Brendon McCullum hopes he and Chris Cairns 'never cross paths' again video

Brendon McCullum retired from international cricket in February.
RYAN PIERSE/GETTY IMAGES

Brendon McCullum retired from international cricket in February.

Brendon McCullum hopes he and former friend and New Zealand cricket team-mate Chris Cairns "never cross paths" again.

McCullum testified against Cairns who was found not guilty of perjury and charges relating to alleged match-fixing at Southwark Crown Court in London last December.

The 35-year-old, who called time on his international career and retired as Black Caps captain in February, said in an interview with Seven Sharp he hopes his career isn't defined by his involvement with Cairns.

Chris Cairns arrives at court during his trial.
PHILIP BROWN/PHOTOSPORT NZ

Chris Cairns arrives at court during his trial.

McCullum felt he had a "moral obligation" as New Zealand's captain to testify, after he claimed Cairns approached him to fix a cricket match in 2008.

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He didn't make a statement until 2011 after admitting he didn't "know" or "understand" that he was "just as in the gun as anyone who's actually approached you".

Brendon McCullum with the bat.
RYAN PIERSE/GETTY IMAGES

Brendon McCullum with the bat.

Cairns and co-accused Andrew Fitch-Holland were found not guilty of all charges after an eight-week trial in London.

McCullum said he didn't have to testify.

"Whether they believed me, or whether they didn't, none of that really matters," he said. 

Brendon McCullum walks off the field after his last toss of the coin.
RYAN PIERSE/GETTY IMAGES

Brendon McCullum walks off the field after his last toss of the coin.

"It wasn't about a guilty or not guilty verdict. It was a matter of fulfilling a moral obligation I felt I had.

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"He was everyone's hero. It's dangerous when you meet your heroes, I guess."

Former Black Cap Lou Vincent and McCullum gave direct evidence to the jury, while former cricketers Shane Bond, Ricky Ponting, Andre Adams, Chris Harris and Kyle Mills also testified at the trial.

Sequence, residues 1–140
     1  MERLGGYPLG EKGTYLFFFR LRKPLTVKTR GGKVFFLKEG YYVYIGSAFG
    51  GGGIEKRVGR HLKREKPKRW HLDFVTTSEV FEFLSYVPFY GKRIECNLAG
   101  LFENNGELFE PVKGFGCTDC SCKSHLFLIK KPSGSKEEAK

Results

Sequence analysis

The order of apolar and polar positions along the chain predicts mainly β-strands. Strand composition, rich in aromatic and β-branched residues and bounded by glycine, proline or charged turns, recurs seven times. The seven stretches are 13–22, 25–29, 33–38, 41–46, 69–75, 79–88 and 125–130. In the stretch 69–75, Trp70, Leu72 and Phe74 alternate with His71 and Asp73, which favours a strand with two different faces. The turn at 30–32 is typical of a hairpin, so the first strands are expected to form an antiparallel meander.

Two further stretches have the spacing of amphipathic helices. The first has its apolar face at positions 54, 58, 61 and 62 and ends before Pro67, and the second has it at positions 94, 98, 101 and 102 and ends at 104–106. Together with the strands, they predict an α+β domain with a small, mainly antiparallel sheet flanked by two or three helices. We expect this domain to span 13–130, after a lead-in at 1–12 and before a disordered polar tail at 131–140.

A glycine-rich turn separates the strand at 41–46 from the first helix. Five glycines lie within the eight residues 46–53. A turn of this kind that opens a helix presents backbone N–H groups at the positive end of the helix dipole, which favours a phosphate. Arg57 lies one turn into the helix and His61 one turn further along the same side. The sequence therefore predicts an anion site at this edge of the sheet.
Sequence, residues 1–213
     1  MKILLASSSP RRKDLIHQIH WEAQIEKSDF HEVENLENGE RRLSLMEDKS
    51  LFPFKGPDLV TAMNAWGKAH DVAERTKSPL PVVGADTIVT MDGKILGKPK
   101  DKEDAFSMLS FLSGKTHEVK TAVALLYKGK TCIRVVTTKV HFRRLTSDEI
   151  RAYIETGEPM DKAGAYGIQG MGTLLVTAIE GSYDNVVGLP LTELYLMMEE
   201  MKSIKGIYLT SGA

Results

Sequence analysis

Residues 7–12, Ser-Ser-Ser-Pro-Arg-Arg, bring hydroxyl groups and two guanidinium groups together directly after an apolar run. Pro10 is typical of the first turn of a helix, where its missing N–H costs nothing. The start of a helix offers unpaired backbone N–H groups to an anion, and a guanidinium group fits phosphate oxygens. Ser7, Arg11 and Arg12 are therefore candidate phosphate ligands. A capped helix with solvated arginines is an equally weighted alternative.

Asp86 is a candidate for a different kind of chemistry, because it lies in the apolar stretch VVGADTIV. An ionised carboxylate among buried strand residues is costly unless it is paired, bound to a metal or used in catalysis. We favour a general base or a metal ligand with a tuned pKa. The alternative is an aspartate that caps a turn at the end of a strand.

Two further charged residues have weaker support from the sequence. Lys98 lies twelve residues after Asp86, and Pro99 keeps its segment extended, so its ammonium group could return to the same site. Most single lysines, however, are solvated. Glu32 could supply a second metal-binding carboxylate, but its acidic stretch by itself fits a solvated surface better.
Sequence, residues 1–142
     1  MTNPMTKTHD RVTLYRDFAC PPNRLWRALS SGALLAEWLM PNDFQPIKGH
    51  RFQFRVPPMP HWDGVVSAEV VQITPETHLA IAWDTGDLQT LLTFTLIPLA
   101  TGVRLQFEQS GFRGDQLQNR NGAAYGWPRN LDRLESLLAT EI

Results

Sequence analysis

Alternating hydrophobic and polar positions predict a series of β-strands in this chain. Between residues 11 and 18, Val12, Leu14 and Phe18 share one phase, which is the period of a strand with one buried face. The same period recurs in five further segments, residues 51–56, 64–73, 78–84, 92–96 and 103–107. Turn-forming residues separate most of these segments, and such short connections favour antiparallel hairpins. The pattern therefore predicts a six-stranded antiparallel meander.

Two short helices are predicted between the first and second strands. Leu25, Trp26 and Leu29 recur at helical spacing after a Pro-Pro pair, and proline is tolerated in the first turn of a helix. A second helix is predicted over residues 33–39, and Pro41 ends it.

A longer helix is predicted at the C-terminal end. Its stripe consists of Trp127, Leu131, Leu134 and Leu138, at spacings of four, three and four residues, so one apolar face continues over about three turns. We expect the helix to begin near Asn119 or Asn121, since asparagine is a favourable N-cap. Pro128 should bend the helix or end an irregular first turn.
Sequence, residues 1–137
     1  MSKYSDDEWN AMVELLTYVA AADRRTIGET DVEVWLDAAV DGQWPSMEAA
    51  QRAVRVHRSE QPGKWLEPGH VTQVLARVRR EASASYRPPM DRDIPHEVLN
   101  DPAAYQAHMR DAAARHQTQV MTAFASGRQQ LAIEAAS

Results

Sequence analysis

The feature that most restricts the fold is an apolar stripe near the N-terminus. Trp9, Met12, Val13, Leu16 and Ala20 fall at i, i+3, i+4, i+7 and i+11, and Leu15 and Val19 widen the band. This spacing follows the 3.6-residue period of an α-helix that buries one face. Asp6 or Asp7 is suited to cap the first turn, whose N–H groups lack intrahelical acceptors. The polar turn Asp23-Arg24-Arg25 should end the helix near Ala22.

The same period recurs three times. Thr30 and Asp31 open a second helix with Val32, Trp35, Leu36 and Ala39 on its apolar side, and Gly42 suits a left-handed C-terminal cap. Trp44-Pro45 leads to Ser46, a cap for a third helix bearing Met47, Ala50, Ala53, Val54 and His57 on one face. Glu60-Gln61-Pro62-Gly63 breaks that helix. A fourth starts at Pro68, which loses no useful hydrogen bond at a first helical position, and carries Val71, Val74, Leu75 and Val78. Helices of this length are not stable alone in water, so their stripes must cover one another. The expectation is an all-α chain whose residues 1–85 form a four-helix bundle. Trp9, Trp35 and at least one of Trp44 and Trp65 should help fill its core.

McCullum described his involvement in the trial as "horrible" and said he wouldn't want anyone to go through it.

But he said he would do it again.

"I didn't want to be there. The last thing I wanted to do was be in a courtroom testifying against one of my old mates," he said.

"It was certainly not how I was brought up as well. Is it something I would want anyone to go through? Absolutely bloody not.

"Would I do it again? Yes I would."

McCullum's feelings towards Cairns are clear.

"The way it unfolded, and the fact that it became me versus him, was just something I never understood," he said.

"Under pressure, people show their true character. It's not the character I thought I knew and I guess I can never forgive him for that.

"I'm sure he'll get on with his life and I'll get on with mine. Let's hope they never cross paths. I'm done with it now and I want to move on with the rest of my life.

"I sure as hell hope my career's not defined by my involvement with Chris Cairns."

When Cairns, who said his reputation was "scorched" after the trial, was asked what he would say to McCullum after his not guilty verdict, he shrugged.

"Why?" he asked.

McCullum's autobiography Brendon McCullum, Declared is released tomorrow.

 - Stuff

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